Market leader and superstar Oatly has decided to sue small British producer Glebe Farms for trademark infringement. What might have been a small private matter could start to turn the tide for Oatly’s underdog reputation. Here’s why the brand might be doing the right thing, but risk going about it in a not-so-simple way.
Something has been roasted in the oat milk industry, and this time it’s not just about perfecting your barista coffee. The oat milk dispute between Oatly and Glebe Farms could not be missed.
According to the filing, the $ 15 billion oat milk leader claims Glebe Farms infringes multiple trademarks. He takes issue with the use of the word “Oaty” (too close to his), the resemblance of the white and blue packaging, the slogan “ideal for professional coffee” and the use of the words “shake me” next to Hood. Fascinating stuff.
Is it good? Legally, it is now up to the judges to formally seal this decision, but the public court appears to vehemently disagree with Oatly. Reactions so far tend to express disappointment for a brand that had presented itself very well as the David of the dairy industry, with disbelief that it had become such a mean Goliath. Things went as far as a 55,000 signature petition on Change.org, and a number of social media posts publicly questioned Oatly’s righteousness in the matter. Some denounce his recent ties to investor Blackstone Group, a less than favored group among environmental activists.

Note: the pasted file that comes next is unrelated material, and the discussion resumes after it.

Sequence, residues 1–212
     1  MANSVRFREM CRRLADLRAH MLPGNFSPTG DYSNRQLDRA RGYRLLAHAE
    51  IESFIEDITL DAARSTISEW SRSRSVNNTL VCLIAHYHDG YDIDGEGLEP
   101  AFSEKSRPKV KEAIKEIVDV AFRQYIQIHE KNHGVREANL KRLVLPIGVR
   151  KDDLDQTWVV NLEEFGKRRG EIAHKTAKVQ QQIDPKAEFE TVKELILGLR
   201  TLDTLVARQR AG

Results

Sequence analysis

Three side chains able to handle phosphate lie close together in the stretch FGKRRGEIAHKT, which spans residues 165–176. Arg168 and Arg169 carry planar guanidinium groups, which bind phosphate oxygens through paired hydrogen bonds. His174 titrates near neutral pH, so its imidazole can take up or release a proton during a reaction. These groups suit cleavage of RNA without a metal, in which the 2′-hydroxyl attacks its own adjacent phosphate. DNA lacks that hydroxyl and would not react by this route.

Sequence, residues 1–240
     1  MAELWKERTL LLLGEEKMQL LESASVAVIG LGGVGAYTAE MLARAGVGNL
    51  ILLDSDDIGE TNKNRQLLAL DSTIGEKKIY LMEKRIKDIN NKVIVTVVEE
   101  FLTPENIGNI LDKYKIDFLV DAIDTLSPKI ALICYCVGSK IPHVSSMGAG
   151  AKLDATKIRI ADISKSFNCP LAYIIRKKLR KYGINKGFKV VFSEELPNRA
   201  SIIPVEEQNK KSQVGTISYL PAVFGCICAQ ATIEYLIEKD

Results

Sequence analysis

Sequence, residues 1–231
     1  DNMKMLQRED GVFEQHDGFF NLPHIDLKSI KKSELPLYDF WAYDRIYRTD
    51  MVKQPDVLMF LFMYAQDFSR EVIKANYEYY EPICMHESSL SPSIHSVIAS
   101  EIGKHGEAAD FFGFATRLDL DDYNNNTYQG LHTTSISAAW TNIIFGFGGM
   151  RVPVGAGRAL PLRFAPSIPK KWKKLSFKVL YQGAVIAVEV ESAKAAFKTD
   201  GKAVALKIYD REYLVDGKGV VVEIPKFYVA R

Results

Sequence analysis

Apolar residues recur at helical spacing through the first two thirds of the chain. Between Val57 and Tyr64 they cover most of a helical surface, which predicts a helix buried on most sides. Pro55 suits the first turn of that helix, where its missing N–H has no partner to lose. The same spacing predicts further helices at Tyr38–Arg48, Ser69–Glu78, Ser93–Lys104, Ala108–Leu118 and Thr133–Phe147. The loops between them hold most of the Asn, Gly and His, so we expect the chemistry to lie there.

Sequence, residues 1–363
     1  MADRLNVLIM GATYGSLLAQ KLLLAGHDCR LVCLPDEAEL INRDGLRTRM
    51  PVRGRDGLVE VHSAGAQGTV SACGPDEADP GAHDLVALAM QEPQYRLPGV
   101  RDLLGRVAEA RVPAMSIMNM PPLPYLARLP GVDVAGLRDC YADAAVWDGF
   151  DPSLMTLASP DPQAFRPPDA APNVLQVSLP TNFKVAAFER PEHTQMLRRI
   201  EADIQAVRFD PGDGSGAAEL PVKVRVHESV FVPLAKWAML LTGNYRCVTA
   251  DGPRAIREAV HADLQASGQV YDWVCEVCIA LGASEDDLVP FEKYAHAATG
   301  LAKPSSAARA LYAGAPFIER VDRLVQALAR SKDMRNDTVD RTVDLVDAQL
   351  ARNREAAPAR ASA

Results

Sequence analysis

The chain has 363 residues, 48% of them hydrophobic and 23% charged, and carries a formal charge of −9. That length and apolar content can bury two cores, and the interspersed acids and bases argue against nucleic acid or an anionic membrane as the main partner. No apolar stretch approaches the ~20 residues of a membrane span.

Considering how “awake” the brand’s communications have been, this behavior has raised eyebrows in many consumers. And three weeks later, a quick sentiment analysis returns a pretty clear verdict: with almost half of the mentions expressing negative sentiment (just 6.2% positive), that gives it a whopping 42% net negative sentiment. It turns out that oat milk can also turn sour quite quickly.
Right or wrong, is this the right thing to do for Oatly?
If you want my opinion, these two brands are nothing alike, but like most of you, I’m not a lawyer. To be fair, there is something a little fishy about PureOaty: each of its non-dairy milks is very humbly named (“Almond”, “Soy”), but in one way or another, for his oat milk, he opted for “PureOaty”. He claims this is a nod to the purity of the product, but does he say his other drinks are not pure? It is admittedly quite off-brand for its portfolio conventions.